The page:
Amazon EC2 Ramps Up Cloud Offerings With Oracle Apps
Amazon has brought a fleet of major PeopleSoft and JD Edward applications to its Elastic Cloud Compute (EC2) service, following a promise in September to do so. The new services are certified by Oracle.
EC2 allows users to rent Amazon's computers on an hourly basis--either rent bare-bones configurations of an empty OS, or with additional software preinstalled (typically databases or Web servers).
Various renditions of the PeopleSoft customer relations management (CRM) programs are now available via EC2, along with JD Edward Enterprise One enterprise resource planning (ERP) software. Also included in the rollout is Oracle's E-Business Suite.
The move into EC2 makes PeopleSoft software significantly more accessible for smaller and mid-size businesses, and is one of a variety of interesting moves by Amazon recently tearing down barriers blocking cloud adoption for smaller businesses.
For example, last week Amazon announced a tool that imports existing VMWare virtual disk images so they can be run in the cloud. At the moment only Windows Server 2008 SP2 is supported, but other operating systems will be added over time. Businesses can either use the import service as a contingency backup of existing virtualized infrastructure, or use it to transition to the cloud with the minimum of difficulty and reconfiguration.
No doubt PeopleSoft's venture into the cloud will be watched closely by Salesforce.com, which currently dominates the CRM market and has always been cloud-based.
All the new cloud offerings are available as preconfigured Amazon Machine Images (AMIs), which come ready-made for instant activation, although in the future customers will able to create their own personalized versions of the installations and upload them to EC2.
The hourly rent for the new images fall in the high-memory instance category, with the cost ranging between 50 cents and $2 depending on the customer's needs, although there's no need to pay when the machines are shut down or suspended overnight.
Customers can use existing Oracle licenses for EC2 instances of the software, effectively giving IT managers the choice of local or cloud installations for the same fee. There's also no need to pay for additional support; customers of Oracle Support or Amazon Premium Support can get the help they need.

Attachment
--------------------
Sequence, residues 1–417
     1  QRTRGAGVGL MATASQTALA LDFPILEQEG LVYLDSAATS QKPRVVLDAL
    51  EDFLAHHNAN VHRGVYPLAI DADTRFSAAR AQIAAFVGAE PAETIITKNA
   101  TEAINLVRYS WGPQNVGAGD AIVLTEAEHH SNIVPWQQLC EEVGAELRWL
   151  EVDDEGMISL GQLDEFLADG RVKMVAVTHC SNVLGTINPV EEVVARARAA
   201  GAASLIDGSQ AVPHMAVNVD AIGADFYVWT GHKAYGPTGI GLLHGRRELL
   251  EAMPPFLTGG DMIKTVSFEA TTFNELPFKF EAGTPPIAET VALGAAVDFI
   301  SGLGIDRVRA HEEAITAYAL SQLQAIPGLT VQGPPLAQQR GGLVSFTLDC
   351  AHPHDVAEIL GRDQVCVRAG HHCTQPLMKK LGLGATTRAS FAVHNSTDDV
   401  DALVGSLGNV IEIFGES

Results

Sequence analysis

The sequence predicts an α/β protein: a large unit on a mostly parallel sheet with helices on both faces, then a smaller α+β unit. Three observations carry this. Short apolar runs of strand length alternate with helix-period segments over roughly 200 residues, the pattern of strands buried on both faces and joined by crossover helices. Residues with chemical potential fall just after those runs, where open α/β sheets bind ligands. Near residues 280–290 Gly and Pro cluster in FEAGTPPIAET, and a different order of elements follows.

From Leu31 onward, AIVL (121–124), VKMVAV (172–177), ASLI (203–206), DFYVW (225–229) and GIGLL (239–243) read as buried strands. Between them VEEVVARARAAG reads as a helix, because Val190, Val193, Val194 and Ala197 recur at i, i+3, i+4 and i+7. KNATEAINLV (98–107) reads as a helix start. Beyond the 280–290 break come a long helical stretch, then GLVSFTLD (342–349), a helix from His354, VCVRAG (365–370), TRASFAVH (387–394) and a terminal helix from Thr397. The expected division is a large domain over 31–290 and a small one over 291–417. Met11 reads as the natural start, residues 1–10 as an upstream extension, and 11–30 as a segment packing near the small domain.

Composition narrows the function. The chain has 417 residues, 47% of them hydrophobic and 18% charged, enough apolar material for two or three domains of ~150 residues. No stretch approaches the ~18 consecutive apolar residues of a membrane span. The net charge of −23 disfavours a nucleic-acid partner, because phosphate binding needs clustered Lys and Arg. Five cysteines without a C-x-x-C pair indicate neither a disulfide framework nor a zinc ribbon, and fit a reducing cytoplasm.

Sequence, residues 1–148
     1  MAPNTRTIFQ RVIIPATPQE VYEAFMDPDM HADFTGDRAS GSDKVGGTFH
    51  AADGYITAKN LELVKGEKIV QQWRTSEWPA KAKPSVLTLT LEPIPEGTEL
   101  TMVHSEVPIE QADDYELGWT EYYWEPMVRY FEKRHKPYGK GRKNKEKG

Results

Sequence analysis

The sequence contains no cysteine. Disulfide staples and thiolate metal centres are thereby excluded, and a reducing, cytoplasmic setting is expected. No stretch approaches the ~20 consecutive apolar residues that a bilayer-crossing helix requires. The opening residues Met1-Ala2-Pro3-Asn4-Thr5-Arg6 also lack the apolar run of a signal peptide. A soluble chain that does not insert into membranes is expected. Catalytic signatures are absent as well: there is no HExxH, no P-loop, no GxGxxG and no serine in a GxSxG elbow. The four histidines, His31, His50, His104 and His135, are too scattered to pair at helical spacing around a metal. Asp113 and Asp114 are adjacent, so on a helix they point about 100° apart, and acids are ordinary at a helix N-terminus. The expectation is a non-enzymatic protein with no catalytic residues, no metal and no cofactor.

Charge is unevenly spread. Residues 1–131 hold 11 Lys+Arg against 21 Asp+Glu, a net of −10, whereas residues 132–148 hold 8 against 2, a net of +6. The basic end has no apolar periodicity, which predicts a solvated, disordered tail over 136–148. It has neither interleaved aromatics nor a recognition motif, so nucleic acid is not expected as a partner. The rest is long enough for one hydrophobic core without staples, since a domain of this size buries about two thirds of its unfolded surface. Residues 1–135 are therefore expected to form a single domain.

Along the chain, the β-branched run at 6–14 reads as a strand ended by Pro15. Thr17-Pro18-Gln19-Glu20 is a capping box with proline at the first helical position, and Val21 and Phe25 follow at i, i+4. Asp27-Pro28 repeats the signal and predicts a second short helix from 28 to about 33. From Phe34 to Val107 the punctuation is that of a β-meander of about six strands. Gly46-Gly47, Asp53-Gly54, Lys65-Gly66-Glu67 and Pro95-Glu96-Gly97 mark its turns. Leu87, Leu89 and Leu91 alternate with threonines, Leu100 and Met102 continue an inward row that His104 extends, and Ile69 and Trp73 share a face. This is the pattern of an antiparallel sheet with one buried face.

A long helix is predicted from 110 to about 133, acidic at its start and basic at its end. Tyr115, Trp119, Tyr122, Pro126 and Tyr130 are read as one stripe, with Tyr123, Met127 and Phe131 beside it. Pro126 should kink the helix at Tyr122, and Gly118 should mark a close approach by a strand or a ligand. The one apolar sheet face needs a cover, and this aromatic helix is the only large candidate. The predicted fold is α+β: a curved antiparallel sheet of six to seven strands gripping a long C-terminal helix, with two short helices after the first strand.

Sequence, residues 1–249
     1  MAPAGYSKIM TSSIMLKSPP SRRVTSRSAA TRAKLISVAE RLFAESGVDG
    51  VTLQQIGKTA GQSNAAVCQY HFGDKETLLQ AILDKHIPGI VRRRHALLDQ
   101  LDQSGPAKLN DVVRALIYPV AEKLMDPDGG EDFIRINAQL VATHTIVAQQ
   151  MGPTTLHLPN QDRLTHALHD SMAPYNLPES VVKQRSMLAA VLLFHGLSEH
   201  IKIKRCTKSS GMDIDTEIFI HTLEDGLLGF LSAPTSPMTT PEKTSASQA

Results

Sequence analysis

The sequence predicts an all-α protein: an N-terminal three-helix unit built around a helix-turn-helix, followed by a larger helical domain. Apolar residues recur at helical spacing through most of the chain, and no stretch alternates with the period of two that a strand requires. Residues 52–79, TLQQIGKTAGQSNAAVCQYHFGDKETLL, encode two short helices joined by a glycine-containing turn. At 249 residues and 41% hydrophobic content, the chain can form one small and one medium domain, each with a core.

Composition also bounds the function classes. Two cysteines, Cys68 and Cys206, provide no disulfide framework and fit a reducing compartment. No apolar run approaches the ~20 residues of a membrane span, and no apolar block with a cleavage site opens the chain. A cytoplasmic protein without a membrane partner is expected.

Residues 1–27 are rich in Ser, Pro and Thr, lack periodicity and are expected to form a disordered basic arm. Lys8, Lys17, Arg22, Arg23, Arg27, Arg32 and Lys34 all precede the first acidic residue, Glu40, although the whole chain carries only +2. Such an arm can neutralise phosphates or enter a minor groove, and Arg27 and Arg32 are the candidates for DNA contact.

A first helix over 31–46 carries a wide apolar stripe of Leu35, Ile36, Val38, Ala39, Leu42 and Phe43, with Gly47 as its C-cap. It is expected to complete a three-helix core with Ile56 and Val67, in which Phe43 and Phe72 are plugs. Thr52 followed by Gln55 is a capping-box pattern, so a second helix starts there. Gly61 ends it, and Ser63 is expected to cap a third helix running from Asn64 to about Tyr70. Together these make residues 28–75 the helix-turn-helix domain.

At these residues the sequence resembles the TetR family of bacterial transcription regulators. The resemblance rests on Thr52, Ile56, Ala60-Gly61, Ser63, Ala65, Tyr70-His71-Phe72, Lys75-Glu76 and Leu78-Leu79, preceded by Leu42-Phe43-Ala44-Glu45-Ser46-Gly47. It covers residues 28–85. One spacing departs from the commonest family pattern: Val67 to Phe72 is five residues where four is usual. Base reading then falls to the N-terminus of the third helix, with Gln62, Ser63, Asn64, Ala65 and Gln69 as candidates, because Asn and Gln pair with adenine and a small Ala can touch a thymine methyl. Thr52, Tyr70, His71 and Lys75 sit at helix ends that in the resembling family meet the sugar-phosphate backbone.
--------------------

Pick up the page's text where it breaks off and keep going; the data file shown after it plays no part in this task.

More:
The benefits of using PeopleSoft on EC2 are multiple. Setting up a new installation is now both instant and cost-free, with no need to purchase hardware or even have specialized knowledge. A cloud-based approach means that any deployment will be accessible from anywhere in the world with high reliability. Future maintenance costs will be vastly reduced, too.
However, running CRM and ERP applications on EC2 is a little questionable, bearing in mind they're usually installed on the customer's on-premises servers and typically accessed by staff locally. Accessing the applications over a LAN is likely to be a lot quicker than accessing via a cloud service over the Internet.
That said, an EC2 instance of the applications might be useful for a highly decentralized organization, such as one where the majority of employees work from branch offices or from home.
It's always been possible to run PeopleSoft software on EC2 but only in an unofficial capacity as a do-it-yourself project. As such, until now Oracle has only recommended EC2 be used for development and testing, although Oracle Database, Enterprise Linux, WebLogic, and a variety of development tools have been officially available for some time.
The big difference now is that Oracle has certified PeopleSoft for use on EC2, opening up support options.
Oracle's Larry Ellison has traditionally taken a skeptical view of the cloud, branding it as just another computing fashion in 2008. However, that hasn't stopped the company making its own cloud offerings, such as the Exalogic Elastic Cloud, or even launching a roadshow that touted the utility of cloud computing. Just last week Oracle announced Cloud Office, an online office suite like Google Docs, although targeted at paying customers.
Keir Thomas has been writing about computing since the last century, and more recently has written several best-selling books. You can learn more about him at http://keirthomas.com and his Twitter feed is @keirthomas .